Members on all sides of the European Parliament have called on the Commission to halt accession talks with Turkey thanks to its questionable human rights record, which has deteriorated following an attempted coup earlier this year.
“Our message to Turkey is very clear: accession negotiations should be frozen immediately,” Manfred Weber, the head of the largest political group in the Parliament, the European People’s Party, said.
Since the July 15 failed coup attempt Europe has grown increasingly horrified by the actions of the Turkish government, including the arrest and detention of opposition politicians and journalists, as well as crackdowns on the Kurdish population.
“Thousands of civil servants have been fired. Press freedom is limited. Media outlets have been closed down. Politicians, freely-elected MPs, are in prison. These developments are very worrying,” Weber said.
“We want to make this appeal: Turkey is a friend and a partner. Turkey should change its course – in the interest of its own citizens.”
His concerns were echoed during a debate on the issue in the European Parliament on Tuesday by Guy Verhofstadt, leader of the liberal ALDE group, Euractiv has reported.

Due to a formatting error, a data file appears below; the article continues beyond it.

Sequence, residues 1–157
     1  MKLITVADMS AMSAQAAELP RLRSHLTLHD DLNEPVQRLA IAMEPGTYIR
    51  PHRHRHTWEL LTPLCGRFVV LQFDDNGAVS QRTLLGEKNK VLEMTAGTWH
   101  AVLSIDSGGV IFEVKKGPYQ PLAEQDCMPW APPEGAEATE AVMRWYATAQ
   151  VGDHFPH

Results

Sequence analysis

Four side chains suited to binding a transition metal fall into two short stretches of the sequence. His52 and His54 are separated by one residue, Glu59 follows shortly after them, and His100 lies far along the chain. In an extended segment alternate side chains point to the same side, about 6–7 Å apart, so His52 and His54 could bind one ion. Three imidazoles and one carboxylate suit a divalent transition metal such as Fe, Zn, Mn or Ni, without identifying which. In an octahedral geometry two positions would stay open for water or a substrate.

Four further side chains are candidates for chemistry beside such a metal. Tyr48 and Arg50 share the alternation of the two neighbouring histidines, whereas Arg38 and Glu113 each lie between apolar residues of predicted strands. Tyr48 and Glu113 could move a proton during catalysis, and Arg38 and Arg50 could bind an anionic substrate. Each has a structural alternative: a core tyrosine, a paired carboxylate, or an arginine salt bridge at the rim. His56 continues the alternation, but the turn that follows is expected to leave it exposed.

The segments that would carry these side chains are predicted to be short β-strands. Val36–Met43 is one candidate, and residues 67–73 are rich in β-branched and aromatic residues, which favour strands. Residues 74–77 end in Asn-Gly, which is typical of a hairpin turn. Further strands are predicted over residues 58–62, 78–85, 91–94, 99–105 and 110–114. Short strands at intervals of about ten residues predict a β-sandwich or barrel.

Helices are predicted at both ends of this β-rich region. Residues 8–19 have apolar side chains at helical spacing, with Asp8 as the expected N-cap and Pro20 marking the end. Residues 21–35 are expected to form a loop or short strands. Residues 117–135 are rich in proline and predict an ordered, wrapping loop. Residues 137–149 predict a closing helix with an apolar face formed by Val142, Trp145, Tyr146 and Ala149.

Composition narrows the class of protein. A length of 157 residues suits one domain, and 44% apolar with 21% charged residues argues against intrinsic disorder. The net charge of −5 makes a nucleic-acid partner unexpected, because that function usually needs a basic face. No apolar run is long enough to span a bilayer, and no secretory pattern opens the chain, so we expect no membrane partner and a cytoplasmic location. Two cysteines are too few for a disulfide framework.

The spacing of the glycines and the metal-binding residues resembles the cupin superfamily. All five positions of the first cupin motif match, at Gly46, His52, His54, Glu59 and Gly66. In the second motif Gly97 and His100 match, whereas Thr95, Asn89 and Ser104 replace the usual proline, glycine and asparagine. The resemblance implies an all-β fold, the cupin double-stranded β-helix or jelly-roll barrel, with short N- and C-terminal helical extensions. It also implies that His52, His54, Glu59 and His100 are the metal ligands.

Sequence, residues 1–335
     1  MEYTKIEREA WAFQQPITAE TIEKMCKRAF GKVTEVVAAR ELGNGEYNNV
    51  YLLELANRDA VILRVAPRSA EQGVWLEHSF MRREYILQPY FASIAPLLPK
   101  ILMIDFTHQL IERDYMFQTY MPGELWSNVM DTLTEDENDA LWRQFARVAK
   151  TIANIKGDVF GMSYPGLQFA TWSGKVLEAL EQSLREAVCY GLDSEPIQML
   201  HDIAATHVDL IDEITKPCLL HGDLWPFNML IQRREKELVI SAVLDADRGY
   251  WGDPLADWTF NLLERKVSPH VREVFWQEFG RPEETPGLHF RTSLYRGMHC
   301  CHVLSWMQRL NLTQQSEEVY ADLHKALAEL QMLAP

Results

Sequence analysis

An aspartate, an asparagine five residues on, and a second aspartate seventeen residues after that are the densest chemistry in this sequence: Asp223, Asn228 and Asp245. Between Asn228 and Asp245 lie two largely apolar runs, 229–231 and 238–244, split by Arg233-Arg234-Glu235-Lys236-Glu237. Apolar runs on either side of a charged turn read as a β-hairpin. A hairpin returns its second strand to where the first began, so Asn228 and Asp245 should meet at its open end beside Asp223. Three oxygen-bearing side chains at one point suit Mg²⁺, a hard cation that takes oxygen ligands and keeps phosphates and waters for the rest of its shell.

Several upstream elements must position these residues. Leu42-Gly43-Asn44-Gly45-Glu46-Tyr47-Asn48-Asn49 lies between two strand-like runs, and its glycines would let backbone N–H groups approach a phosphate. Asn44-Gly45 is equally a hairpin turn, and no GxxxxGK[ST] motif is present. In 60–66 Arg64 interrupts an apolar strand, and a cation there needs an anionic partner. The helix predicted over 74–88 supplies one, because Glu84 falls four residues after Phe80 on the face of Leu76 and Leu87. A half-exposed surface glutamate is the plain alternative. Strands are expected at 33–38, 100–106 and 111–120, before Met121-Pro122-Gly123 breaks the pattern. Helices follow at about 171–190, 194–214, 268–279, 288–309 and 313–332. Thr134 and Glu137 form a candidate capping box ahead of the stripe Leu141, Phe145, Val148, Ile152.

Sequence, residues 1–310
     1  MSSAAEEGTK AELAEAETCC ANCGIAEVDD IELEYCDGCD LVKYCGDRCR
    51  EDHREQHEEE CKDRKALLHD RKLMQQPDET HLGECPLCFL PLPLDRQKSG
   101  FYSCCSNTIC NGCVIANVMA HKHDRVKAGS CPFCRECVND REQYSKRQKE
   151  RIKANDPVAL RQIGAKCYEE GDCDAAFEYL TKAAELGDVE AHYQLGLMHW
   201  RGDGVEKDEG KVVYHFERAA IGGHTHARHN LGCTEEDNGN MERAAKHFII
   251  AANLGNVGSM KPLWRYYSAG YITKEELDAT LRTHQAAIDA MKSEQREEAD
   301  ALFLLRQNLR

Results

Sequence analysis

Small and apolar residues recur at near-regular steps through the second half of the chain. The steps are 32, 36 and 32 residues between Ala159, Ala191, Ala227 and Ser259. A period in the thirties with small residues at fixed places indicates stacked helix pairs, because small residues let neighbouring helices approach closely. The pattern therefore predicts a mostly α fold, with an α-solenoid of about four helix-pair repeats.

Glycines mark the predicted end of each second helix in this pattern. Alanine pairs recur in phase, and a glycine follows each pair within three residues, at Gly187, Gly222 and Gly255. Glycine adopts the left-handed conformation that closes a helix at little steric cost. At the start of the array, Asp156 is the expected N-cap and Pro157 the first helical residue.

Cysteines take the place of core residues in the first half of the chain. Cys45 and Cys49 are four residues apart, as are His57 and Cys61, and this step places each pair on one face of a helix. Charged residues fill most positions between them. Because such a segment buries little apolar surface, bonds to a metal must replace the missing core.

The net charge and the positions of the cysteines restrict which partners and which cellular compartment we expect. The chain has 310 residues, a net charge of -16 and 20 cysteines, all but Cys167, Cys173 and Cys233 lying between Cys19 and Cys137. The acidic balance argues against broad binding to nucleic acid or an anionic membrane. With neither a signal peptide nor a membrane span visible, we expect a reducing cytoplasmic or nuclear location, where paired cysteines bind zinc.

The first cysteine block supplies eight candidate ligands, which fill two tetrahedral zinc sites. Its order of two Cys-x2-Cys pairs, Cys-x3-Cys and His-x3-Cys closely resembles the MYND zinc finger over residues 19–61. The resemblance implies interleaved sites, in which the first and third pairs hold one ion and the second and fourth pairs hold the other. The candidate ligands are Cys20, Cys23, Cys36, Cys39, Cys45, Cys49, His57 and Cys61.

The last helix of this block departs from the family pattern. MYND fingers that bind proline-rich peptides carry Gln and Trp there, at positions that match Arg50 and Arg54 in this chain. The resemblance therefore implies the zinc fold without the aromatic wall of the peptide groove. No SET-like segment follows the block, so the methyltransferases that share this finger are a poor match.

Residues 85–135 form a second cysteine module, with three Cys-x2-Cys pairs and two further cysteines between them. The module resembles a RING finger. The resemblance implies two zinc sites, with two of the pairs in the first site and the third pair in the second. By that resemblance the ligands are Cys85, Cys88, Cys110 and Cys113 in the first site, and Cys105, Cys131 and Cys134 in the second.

“The European Union loses credibility by looking away from [Turkish President] Erdoğan’s attempt to install an authoritarian regime,” Verhofstadt said.
“Therefore, we should end the accession negotiations with Turkey immediately. Anything else than approving this resolution would be fooling our citizens and betraying the Turkish citizens, especially those who look to Europe as their future,” he added.
Gianni Pittella, leader of the Socialist group, the second biggest in the European Parliament, also added his voice to calls for a freeze to accession talks, arguing that to do so would send a “political message to Erdoğan” to stop the “mass detention, accusation of political leaders and MPs, repression of judges and journalists”.
He added: “Turkey under Mr Erdoğan is more and more drifting towards an authoritarian regime. Our political message towards Turkey is that human rights, civil rights, democracy are non-negotiable if you want to be part of the EU.”
But Syed Kamall, the leader of the European Conservatives and Reformists group (ECR), of which Erdoğan’s ruling AK Party is an associate member, struck a more conciliatory tone. He suggested that the AK Party still contains many elements seeking to marry together Islam, democracy, and economic liberalisation.
However, he too argued that the heavy-handed actions of Erdoğan must be faced up to in Europe.
“Across this Chamber today, I believe many of us are now united in saying enough is enough,” Kamall said.
Although many in Europe may wish to look the other way in the hope of preserving the EU-Turkey deal on migration, Kamall said: “But we need to be honest with each other. And in wanting to be honest with Turkey, we need to be honest with ourselves.”
Responding on behalf of the Commission, the EU’s foreign affairs chief Federica Mogherini urged caution, saying: “I think the best way to strengthen Turkish democracy … is by engaging with Turkey, keeping channels open.
“If the accession process came to an end, I believe we would both find ourselves in a lose-lose scenario.”